I was in the grocery store yesterday, and the tabloids were headlining the secret love child of yet another celebrity couple. Even though we tend to expect this sort of thing from celebrity relationships, secrets are a problem. They don’t usually end well.
I am often asked if it is a good idea to reveal secrets to a partner or a friend. The answer to this begins with a question. How does it feel to find out a secret after the fact? For instance, do you really want to be surprised with a secret ten years into a marriage, especially one that may have impacted your decision to marry in the first place? Or do you want to hear about something very personal from a stranger in a public place? Revealed secrets become gossip fodder in the wrong hands.
In my experience as a relationship therapist, keeping secrets usually backfires. Yes, secrets are difficult to bring out into the light, but keeping them sets the stage for heartache down the road. The hidden thing often surfaces later. Then the reaction is even more intense because now it is associated with dishonesty. Dishonesty makes the impact worse.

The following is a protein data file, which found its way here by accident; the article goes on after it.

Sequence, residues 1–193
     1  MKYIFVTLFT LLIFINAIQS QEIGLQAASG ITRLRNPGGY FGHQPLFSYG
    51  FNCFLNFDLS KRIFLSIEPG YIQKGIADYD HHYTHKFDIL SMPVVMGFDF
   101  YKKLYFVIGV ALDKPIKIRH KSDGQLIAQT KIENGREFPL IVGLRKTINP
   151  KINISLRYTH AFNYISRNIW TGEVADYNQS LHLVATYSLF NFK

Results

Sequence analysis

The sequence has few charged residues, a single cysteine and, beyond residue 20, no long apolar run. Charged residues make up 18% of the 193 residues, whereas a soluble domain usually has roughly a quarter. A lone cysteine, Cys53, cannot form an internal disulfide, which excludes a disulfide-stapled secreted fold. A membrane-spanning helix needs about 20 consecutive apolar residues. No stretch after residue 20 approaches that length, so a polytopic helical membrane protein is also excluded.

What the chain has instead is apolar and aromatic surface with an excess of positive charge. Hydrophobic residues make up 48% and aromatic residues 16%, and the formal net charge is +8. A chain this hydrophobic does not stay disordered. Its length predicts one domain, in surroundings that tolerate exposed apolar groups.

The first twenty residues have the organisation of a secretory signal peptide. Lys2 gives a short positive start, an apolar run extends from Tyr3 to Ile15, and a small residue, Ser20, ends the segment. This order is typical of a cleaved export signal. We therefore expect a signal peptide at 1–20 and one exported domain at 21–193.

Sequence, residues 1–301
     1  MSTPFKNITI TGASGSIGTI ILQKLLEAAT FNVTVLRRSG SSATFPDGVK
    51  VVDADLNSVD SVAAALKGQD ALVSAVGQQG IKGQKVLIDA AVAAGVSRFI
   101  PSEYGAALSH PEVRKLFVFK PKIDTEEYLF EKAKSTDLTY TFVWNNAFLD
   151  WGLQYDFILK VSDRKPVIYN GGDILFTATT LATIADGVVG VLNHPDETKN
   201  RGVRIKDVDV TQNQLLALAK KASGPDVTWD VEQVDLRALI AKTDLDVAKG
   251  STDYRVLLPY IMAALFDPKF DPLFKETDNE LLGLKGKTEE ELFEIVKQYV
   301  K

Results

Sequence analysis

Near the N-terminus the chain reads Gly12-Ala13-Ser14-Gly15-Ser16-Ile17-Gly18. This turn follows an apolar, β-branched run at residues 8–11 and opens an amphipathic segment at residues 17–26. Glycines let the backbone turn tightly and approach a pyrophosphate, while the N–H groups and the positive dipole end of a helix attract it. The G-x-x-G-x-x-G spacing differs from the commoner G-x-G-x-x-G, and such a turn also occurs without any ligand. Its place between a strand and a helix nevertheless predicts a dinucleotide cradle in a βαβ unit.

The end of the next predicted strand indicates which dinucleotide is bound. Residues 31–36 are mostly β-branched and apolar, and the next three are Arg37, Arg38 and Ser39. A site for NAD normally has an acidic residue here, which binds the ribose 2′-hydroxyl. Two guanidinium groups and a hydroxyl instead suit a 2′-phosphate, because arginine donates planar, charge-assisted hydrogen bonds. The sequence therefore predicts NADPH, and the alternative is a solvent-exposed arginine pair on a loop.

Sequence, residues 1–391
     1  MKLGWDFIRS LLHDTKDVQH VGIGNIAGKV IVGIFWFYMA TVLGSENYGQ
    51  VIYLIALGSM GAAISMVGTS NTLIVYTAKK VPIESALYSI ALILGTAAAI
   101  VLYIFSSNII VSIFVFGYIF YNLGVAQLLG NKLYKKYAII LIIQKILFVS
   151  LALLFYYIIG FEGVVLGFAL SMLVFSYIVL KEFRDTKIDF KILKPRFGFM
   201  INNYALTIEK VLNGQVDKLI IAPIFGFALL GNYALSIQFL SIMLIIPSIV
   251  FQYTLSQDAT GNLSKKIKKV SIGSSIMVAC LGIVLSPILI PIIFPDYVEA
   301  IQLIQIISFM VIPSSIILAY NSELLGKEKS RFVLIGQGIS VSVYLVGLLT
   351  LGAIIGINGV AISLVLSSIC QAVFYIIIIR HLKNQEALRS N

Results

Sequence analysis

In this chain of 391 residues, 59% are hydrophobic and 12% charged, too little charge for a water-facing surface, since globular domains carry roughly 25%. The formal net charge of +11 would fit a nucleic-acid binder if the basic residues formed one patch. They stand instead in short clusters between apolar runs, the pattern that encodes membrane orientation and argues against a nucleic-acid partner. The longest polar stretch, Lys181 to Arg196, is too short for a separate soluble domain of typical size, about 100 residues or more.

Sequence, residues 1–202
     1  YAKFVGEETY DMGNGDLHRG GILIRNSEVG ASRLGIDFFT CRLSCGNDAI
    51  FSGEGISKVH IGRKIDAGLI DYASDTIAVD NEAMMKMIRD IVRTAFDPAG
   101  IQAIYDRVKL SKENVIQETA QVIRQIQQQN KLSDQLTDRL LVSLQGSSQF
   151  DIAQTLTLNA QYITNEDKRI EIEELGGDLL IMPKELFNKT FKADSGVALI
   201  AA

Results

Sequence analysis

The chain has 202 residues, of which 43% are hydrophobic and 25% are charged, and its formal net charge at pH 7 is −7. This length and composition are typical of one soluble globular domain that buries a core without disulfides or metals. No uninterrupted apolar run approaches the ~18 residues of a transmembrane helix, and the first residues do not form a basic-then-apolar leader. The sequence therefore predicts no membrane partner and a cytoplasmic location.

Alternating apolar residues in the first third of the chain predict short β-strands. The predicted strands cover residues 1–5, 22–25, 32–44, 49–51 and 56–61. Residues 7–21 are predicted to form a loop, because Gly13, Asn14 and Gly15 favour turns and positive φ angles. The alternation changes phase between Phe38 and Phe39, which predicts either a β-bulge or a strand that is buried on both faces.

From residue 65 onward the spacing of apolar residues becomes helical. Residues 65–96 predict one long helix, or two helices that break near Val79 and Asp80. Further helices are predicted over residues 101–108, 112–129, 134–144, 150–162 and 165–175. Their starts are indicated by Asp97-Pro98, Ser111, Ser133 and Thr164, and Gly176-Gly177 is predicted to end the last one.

The person living with a secret carries a burden. That burden may interfere with intimacy as well. It’s hard to live with secrets—the guilt, the fear, and anxiety of being found out rarely helps a relationship.
Whom you share secrets with is important. In relationships where trust is absent, self-disclosure can open the door to betrayal, gossip, and violations of your privacy. So don’t reveal your secrets to people whom you can’t trust. I also don’t recommend broadcasting secrets to people not involved in your affairs. There is no need for this (unless you are a public figure who has violated the trust of the public, or a leader who has violated the trust of a specific group). In fact, it’s better to keep those secrets between you and the person involved and those directly affected.
In our tell-all culture, where privacy is seriously lacking, discretion is needed. Be wise. Talk to the people involved in your secret, work on repair, and then carefully pray about whether or not this is something that needs to be shared with others.
Excerpt and adapted from We Need To Talk (Baker, 2015)